The power to bring new hopes to a sick child; to be able to free a dialysis patient; to offer another human being the most wonderful gift: organ transplantation, a gift of life ¦ With this perception is that we have to approach the transplantation of human organs. Nevertheless, with the complicated moral and ethical issues, the transplants have become a standard medical procedure to preserve the life of thousands of hopeless patients throughout the world.
Organ transplantation, once an uncommon, often extraordinary event, has rightfully assumed a prominent position among routine procedures performed at most medical centers. Few endeavors in medicine enable the physician to profoundly influence change in a patient's physiology and thereby improve the quality of life. Rapid expansion of the scientific foundations of immunology and surgery, as they apply to transplantation, has contributed to the accelerated growth in this field. No other development in the history of medicine has had the conceptual and philosophic implications of organ transplantation. In all past times, the objective of physicians and surgeons faced with diseases of an specific organ system was to extract the last moment of function from a failing organ using medicines or with surgical procedures that often were poorly conceived, but brilliantly executed. When the function of a vital organ system reached a certain level, the whole body died even though all the other organ systems were without defect.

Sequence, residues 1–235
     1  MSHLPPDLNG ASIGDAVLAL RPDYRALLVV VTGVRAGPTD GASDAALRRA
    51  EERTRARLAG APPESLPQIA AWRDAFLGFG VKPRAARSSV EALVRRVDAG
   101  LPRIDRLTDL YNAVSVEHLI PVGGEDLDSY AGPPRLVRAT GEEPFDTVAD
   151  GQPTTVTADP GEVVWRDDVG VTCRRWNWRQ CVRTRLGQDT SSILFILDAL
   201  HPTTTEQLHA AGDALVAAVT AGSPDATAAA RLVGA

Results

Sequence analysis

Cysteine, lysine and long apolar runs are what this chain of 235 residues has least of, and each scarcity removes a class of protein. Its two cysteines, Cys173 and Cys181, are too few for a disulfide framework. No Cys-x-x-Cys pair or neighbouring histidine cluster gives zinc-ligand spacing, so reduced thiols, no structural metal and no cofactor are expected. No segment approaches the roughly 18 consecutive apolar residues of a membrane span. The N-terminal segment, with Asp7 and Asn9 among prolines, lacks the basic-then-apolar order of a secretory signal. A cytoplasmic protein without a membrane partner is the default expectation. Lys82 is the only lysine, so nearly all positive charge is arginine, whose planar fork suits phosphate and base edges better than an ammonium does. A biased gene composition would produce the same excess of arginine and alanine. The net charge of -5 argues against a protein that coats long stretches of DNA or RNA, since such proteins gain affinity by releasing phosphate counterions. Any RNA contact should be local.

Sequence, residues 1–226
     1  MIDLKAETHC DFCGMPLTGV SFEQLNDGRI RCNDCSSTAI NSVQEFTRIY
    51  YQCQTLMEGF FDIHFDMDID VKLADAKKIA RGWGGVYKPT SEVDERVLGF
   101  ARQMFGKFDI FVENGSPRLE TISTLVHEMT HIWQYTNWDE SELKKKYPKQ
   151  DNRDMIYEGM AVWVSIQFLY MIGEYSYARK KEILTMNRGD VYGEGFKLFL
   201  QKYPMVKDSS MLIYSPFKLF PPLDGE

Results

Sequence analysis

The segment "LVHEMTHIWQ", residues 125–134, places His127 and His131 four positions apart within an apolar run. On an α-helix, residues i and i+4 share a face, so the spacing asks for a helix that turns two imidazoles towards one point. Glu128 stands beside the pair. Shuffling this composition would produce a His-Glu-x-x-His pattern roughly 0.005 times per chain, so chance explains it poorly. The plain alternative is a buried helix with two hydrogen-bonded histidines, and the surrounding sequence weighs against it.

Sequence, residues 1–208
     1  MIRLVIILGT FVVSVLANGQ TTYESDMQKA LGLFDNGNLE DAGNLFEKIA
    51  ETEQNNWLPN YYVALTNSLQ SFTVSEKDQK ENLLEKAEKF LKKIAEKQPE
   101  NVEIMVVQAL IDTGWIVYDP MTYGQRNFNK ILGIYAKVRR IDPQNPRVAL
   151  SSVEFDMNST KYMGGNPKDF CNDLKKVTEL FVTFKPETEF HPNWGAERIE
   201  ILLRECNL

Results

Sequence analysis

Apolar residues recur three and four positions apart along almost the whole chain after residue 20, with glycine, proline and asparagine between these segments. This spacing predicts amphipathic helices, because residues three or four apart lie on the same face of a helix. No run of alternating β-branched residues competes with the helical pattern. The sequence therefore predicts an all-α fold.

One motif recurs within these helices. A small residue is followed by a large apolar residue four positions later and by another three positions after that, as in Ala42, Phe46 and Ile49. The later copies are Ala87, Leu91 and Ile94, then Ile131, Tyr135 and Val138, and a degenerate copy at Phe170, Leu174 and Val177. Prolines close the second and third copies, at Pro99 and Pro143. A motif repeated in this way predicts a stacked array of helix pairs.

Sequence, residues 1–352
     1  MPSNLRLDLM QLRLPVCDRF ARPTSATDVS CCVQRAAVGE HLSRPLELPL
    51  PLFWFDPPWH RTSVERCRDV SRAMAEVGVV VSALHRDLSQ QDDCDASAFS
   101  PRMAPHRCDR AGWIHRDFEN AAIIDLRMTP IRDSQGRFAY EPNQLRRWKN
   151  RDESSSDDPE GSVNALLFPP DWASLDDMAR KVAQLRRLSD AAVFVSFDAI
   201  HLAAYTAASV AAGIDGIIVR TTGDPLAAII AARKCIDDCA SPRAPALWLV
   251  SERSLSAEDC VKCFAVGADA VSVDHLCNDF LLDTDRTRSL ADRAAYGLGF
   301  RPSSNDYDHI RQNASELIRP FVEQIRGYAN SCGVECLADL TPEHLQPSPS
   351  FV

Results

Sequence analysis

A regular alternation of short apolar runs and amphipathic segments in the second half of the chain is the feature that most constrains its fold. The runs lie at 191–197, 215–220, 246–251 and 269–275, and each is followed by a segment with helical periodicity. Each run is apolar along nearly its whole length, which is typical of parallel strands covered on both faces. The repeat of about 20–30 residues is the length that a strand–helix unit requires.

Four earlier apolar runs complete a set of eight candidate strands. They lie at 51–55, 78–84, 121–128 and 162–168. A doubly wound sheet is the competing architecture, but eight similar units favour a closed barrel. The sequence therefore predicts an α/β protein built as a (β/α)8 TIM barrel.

It is breathtaking to contemplate the departure from this "rear-guard approach, which has been made possible through transplantation. With one bold stroke, health and life can be restored with considerable reliability and safety. The ability to provide these services has descended into the consciousness of a new generation of interdisciplinary observers including physicians, psychologists, social workers as well as patients.
At present, there is a sig